“They are continuing to use religion as a tool to achieve their personal policy goals", Amir told Central Asia Online of such leaders. "It goes beyond the problems that we are seeing on the surface. They are encouraging people to sacrifice their lives in the name of their religion. Simultaneously, this situation is resulting in a lack of tolerance and hatred towards those belonging to religions other than Islam”.
Citing certain state actors that he considers involved in promoting intolerance, he said, “This is playing with fire, which will not serve the state in any way, either in the short or the long run".
“So-called intellectuals are busy corrupting the minds of young people and put them on the wrong path”, said Zar Ali Khan Musazai, chairman of the Pashtun Democratic Council, referring to some former Army and intelligence officers, journalists and self-proclaimed "intellectuals".
"They (intellectual terrorists) have their own nefarious designs and vested interests. Besides the religiously corrupt intelligentsia, university and colleges are also promoting dangerous propaganda against people other than Pakistani Muslims”.
He said, “At the (pre-college) level, some Arabic-language and theology teachers instigate students to wage so-called Jihad and fight the non-Muslims, especially the West, the Hindus and Israel. Students are taught that Pakistani Muslims are better than other people and that when doomsday approaches, the Jihad will start from Pakistan and that this country will lead other Muslim countries”.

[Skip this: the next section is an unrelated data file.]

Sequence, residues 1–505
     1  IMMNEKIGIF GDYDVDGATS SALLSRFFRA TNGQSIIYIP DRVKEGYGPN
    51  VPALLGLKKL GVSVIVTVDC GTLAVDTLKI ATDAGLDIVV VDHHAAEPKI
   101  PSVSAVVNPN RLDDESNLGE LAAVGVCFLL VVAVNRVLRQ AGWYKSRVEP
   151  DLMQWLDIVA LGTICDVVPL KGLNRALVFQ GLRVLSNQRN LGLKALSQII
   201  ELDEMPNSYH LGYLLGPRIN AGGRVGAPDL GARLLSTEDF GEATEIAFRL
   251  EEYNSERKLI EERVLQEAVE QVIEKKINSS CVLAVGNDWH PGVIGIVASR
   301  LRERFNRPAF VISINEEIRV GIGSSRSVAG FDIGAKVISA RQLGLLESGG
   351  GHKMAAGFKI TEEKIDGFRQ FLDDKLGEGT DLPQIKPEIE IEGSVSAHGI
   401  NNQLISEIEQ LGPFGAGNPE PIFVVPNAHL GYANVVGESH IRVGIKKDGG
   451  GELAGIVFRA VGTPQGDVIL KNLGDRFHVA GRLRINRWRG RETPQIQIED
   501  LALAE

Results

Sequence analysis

Khan told Central Asia Online that the ultimate danger of intellectual terrorism is that it can further divide the nation and provide more resources for physical terrorists.
“It provides the terrorists ground for good recruits”, he said. “The government is not giving due attention to fighting the terrorists on the ideological front".
The provincial minister, Mian Iftikhar, disagrees with that criticism of the government.
“We are fully conscious of these phenomena”, he said. “When the military operation in Malakand against terrorism was successfully completed, I said at that time that now we have to break the terrorist mind-set that is still there”.
"We will be fighting this intellectual terrorism on every front, namely, through our curriculum and education system, literature, speech, media and intellectual forums", Iftikhar said.
“The people who are spreading the propaganda are no friends of Pukhtuns or of Pakistan. They are ruining our youth and our society. We will counter this expansion of hate ideology”.
"There is a need for a counter-narrative against the hate and violence-ridden narrative of these people", Hoodbhoy said. "The counter-narrative that promotes peace, tolerance, harmony and peaceful co-existence".
"Liberal intelligentsia must deconstruct this discourse. Even if physical terrorism is eliminated for the time being, if intellectual terrorism is not countered, the menace of terrorism will flourish", Hussain warned.
Central Asia Online correspondents Raheel Khan in Islamabad and Iqbal Khattak in Peshawar contributed to this story.